Last Thanksgiving I branded myself with two little words on the outside of my wrist. And it was one of the scariest things I have ever done.
Pedal fast. The two words that changed my life.
I honestly do not remember the first time I self-harmed. All of the days seem to blur together in a whirlwind of anxiety, depression, tears, anger, pain, and frustration. And I remember that in the midst of all of it – self-harm was my one constant, what held me together.
While I do not remember the first time I self-harmed, I can remember every second of the day my parents found out. I said before that getting my tattoo was one of the scariest things I’ve ever done – the day my parents found out was even scarier. What would they think of me? How would they look at me now? I felt extremely guilty. Like a disappointment. Because good daughters don’t cut. Right?
I am not going to document my entire recovery in this article for numerous reasons but I have two things to say about my recovery and recovery in general.
One, any expectation I had about how my parents would react was far surpassed. My parents are the most loving, accepting, amazing parents in the world and have been with me on my journey of recovery every day since then. They are my rock. Thank you mom and dad.
Two, when I began my recovery, I really thought that being in recovery meant that bad days were over. And I could not have been more wrong. If there is one thing I have learned, it’s that recovery is having hard days and choosing to be here for another one.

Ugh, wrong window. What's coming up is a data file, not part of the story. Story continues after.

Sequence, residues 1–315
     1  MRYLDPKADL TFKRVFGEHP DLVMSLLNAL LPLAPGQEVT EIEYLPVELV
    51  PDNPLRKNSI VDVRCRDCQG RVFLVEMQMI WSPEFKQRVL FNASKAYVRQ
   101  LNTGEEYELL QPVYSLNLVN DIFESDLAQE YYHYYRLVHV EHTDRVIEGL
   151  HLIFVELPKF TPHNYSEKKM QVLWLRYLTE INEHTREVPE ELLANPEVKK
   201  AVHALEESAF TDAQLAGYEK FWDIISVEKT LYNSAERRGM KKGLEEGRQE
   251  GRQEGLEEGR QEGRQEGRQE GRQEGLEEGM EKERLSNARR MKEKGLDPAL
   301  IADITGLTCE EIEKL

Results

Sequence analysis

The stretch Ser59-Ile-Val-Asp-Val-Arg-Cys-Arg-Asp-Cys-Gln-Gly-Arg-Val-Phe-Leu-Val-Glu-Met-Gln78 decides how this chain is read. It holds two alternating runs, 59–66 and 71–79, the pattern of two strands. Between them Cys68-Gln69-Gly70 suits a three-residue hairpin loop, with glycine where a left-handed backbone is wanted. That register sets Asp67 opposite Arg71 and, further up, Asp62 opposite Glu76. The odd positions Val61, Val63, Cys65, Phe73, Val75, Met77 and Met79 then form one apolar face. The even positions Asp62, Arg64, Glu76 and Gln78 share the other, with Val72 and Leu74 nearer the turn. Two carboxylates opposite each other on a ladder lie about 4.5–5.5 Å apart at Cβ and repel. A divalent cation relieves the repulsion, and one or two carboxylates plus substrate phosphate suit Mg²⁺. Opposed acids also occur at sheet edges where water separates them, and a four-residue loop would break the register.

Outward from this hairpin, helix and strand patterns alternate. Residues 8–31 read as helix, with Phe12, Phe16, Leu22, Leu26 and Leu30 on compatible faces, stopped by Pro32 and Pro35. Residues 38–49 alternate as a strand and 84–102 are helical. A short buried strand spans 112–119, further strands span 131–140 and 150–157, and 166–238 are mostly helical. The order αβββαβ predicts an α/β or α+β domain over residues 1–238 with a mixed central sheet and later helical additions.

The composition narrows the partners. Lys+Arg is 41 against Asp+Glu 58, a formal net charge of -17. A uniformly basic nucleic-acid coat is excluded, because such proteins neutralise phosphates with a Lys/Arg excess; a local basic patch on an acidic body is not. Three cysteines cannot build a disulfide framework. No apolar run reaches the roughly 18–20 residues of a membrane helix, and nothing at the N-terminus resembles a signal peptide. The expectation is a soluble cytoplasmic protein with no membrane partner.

So where does pedal fast come from?
6 months into my recovery, 6 months after I first told my parents about my self-harm, my dad wrote me a card. If anyone knows anything about my dad, it’s that he loves bikes. And he has this stationary, the front of which says “pedal fast”. Clearly a bike reference. Clearly nothing to do with self-harm. It was on this stationary that he wrote his card to me.
To this day that card moves me to tears. That little pink card got me through some of the hardest days of my recovery and “pedal fast” became my mantra.
Until recently, my recovery from self-harm was something only four people knew about. Which brings me to the one of the scariest things I’ve done: tattooing the two words that changed my life on my wrist – somewhere everyone can see, something lots of people would ask me about. 5 years after one of the scariest days of my life, I can finally talk about my self-harm. It is no longer something I am ashamed of.
There is a lot I could say about the stigma surrounding mental illness. It is the reason I waited 5 years to tell anyone about mine. Mental illness is a scary topic to talk about in general and when the discussion can be embellished with personal stories and struggles, it becomes even more daunting. I know though, that my struggle with self-harm has only made me stronger. And while talking about self-harm today is still a bit scary because you never know how someone is going to react, it is something I am ready to do.
So you noticed my tattoo…
Now you know what it means.